The turning point in Cheung's acting career came in 1986 with his starring role in John Woo's (吳宇森) A Better Tomorrow, which broke Hong Kong's box office record. In the following years Cheung was praised for his performances in films which found popularity with audiences worldwide, including A Chinese Ghost Story (1987), Rouge (1987) and Wong Kar-Wai's Days of Being Wild (1991).
Although Cheung quit his career as a pop singer from 1989 to 1995, he continued his music career as a songwriter. He composed more than ten songs during that time. In 1993, he won Best Original Movie Song Award from Golden Horse Film Festival for the theme song Red Cheek, White Hair to the film The Bride with White Hair (as a film score composer). In 1995, he wrote all three theme songs for the film The Phantom Lover. As for songwriting, Cheung won four nominations for Best Original Movie Song Award at the Golden Horse Film Festival and Awards and two nominations for Best Original Film Song at the Hong Kong Film Awards. In 1998, he was a member of the jury at the 48th Berlin International Film Festival.
In 1995 Cheung signed a contract with Rock Records, returning to music as a singer. At the same year, he released his first post-"retirement" album, Beloved. Beloved achieved large market success with the award of IFPI Best Selling Album.
In 2001 Cheung collaborated with William Chang, the art director of Wong Kar-Wai's Days of Being Wild (1991), to make his music video Bewildered, about the intimacy between two gay men. Japanese ballet dancer Nishijima Kazuhiro played Cheung's lover in the video. The music video was demonized the video for advocating homosexuality and became banned by TVB, but Cheung refused to edit the scenes and censor himself.
Cheung's last concert tour was the Passion Tour, which took place in Hong Kong and overseas from 2000 to 2001. Cheung collaborated with fashion designer Jean Paul Gaultier, transforming Cheung "From Angel to Devil" in six costumes: the Angel, the Pretty Boy, the Latin Lover, and the Devil – denoting cross-cultural drag and focusing on Cheung's androgyny and bisexuality. Although Passion Tour was acclaimed in Japan, Korea, and Cananda for Cheung's glamour and dignity in using drag performance through Gaultier's costume designs, in Hong Kong it was received with disapproval. Psychotherapist Bo-neng Lee criticized Cheung for presenting through cross-dressing and eroticism what he interpreted as a mental disorder, concluding that Cheung hated of his own body and had a weakness of character.
Cheung distinguished himself as a Canto-pop singer through embodying the politics, sexual and gender identity of a queer subject position. He announced his gay relationship with Daffy Tong during a concert in 1997, earning him prestige in LGBT communities in China, Japan, Taiwan, and Hong Kong. In a 2001 interview with Time magazine, Cheung said: "It's more appropriate to say I'm bisexual. I've had girlfriends. When I was 22 or so, I asked my girlfriend Teresa Mo (毛舜筠) to marry me.", but was unsuccessful In two interviews in 1992 and 2002, Cheung also stated that "My mind is bisexual. It's easy for me to love a woman. It's also easy for me to love a man too" and "I believe that a good actor would be androgynous, and ever changing," referencing his performance of intersexuality, androgynous dressing, and gay femininity in his music videos and films.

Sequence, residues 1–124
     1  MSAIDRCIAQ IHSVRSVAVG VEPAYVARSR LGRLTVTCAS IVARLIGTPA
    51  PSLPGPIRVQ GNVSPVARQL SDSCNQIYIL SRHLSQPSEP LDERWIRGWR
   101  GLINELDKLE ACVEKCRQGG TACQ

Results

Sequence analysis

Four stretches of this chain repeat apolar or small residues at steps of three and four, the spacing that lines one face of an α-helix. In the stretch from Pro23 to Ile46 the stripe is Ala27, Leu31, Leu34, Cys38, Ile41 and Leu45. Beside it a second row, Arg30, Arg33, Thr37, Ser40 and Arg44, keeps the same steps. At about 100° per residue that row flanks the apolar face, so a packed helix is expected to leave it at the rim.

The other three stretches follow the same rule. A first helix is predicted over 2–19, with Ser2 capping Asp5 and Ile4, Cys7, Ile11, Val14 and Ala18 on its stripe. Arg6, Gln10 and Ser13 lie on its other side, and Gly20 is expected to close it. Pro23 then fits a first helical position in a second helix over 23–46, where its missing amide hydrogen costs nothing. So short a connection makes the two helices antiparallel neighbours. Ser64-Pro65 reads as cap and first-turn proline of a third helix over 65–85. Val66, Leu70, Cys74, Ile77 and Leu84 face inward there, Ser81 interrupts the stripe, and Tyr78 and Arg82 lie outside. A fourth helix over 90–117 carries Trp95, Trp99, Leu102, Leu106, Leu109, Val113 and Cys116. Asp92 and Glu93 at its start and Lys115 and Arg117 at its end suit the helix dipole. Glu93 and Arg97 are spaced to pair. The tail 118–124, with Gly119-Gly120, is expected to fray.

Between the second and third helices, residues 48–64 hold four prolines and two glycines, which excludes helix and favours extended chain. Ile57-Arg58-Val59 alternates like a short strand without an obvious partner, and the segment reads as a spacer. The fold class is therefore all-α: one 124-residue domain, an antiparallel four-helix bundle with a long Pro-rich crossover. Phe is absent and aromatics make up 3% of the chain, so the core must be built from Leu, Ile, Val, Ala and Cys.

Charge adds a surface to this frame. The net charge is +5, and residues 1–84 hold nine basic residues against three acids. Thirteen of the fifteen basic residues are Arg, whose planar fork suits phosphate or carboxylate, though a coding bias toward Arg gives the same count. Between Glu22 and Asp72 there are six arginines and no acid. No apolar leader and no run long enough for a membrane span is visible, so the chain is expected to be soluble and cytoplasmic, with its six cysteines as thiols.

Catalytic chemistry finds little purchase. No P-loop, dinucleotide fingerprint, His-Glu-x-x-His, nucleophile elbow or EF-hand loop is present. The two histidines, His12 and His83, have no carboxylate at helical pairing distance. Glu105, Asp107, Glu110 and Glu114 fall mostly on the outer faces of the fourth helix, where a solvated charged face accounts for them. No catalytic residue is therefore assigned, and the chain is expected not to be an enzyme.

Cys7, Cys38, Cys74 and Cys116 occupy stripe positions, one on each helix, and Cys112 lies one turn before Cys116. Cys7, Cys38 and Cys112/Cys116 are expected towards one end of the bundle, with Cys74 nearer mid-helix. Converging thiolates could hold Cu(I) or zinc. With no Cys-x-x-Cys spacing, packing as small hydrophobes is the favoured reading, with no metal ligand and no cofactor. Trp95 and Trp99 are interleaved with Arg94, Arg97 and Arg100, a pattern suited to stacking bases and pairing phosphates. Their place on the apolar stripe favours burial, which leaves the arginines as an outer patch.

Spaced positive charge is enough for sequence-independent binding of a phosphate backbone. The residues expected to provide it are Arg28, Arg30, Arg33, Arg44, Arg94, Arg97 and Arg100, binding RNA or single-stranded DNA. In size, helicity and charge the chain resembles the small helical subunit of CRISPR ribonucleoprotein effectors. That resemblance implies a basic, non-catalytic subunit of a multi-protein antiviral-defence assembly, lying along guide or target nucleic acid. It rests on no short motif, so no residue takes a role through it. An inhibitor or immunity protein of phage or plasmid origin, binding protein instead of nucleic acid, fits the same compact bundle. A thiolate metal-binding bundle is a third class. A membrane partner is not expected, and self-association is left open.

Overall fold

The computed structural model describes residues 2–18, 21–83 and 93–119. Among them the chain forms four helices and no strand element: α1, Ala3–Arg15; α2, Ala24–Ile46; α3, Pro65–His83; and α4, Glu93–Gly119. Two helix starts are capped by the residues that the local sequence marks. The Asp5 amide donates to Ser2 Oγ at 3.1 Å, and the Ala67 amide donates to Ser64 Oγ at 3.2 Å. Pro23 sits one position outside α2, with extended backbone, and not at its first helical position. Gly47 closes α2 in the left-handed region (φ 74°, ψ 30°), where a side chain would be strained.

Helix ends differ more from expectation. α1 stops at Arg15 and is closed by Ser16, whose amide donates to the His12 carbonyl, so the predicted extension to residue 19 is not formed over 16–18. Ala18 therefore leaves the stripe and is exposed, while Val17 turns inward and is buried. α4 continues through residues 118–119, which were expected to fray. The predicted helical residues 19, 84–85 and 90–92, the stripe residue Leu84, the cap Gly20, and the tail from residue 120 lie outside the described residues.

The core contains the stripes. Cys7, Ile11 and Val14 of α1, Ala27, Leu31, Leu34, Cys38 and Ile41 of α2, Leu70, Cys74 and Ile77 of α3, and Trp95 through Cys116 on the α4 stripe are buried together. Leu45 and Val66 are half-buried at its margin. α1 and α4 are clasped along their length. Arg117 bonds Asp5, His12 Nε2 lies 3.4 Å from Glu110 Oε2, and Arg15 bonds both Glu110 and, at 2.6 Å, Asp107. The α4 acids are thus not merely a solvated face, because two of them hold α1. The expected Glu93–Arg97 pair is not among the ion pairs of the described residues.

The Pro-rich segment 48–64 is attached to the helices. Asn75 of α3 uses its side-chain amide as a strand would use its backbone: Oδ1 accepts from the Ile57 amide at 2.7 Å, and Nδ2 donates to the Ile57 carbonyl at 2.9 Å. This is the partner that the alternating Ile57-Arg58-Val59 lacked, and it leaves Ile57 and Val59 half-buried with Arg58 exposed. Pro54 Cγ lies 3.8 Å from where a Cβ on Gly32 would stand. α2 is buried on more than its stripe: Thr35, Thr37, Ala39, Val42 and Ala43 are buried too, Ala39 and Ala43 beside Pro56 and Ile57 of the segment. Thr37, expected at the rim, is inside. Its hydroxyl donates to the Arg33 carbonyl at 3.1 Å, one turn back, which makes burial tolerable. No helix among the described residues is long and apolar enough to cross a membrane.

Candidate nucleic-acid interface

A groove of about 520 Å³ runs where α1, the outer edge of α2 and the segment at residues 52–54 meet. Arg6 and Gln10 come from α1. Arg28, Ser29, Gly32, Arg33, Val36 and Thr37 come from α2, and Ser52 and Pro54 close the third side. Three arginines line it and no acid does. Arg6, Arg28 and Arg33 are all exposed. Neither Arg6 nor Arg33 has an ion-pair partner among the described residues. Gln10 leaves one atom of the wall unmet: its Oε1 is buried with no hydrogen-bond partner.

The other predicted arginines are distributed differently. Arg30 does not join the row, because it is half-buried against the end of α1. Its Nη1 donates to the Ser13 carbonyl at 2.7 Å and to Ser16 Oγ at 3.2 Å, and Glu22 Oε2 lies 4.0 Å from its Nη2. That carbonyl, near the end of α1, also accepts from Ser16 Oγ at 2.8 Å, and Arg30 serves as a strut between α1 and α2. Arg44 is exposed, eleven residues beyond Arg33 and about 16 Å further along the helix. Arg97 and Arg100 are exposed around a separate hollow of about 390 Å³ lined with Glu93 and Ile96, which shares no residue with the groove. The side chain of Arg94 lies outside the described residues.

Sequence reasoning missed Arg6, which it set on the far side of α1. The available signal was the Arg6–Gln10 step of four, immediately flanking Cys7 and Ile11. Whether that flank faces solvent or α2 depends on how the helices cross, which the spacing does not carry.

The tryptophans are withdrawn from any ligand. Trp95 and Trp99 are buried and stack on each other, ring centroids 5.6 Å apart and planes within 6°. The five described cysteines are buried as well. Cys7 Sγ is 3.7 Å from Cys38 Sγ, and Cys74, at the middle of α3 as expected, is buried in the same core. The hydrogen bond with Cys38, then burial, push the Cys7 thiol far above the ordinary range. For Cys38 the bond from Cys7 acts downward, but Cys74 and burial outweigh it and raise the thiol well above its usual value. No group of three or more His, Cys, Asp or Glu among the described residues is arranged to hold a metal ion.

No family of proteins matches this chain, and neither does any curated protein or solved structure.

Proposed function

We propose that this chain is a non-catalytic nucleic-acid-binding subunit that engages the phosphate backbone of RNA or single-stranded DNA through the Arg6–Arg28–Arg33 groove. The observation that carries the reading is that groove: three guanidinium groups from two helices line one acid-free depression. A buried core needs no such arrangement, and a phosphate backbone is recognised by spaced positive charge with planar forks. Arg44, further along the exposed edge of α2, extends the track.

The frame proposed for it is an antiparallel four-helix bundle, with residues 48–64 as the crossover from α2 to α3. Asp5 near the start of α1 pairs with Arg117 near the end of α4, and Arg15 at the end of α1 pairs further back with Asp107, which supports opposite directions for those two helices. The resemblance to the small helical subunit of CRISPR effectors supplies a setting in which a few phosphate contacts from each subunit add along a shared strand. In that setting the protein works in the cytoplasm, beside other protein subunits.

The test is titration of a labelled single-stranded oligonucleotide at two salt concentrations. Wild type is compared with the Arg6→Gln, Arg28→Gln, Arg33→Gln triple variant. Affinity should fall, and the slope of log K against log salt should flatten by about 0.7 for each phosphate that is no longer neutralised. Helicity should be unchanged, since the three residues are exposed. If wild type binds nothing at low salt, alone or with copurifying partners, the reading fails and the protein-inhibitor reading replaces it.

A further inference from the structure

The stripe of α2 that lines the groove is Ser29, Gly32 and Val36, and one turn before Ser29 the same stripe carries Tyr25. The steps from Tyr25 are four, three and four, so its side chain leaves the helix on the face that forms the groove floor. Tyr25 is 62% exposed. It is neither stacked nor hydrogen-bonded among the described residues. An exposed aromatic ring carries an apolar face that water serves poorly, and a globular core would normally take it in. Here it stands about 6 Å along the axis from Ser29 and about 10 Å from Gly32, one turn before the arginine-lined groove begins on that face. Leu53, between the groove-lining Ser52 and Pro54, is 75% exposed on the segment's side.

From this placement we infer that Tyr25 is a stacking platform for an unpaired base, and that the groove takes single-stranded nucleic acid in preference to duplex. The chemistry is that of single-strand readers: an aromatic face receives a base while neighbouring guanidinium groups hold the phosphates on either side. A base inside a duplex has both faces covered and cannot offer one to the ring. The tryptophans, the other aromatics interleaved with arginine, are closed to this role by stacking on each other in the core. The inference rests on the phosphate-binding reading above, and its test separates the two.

Cheung and Ngai Sze-Pui (倪詩蓓), a Hong Kong model and actress whom he met on the set of Agency 24, were in a relationship for two years.
Cheung responded to the question regarding lover, “In terms of lover, I think I can be a better friend than a lover. Because I am a workaholic. To share my romance, that person has to compromise something.” This statement was out during the interview following the release of Okinawa Rendezvous.
Cheung was never married but was in a long-time relationship with childhood friend, Daffy Tong.
Cheung was a supporter of several charities concerning children's welfare. He was a patron of the Children's Cancer Foundation, a charity provides caring service for young children with cancer and their families. Cheung donated HK$1 million (US$128,000) in 1996 and launched five sets of RED cards to help raise funds for the Children's Cancer Foundation. He was also a patron of the End Child Sexual Abuse Foundation (ECSAF), founded by veteran actress Josephine Siao (蕭芳芳). In 1999 and 2000, he appeared in TVB charity shows to help raise funds for ECSAF, in which he was appointed a goodwill ambassador in 2002.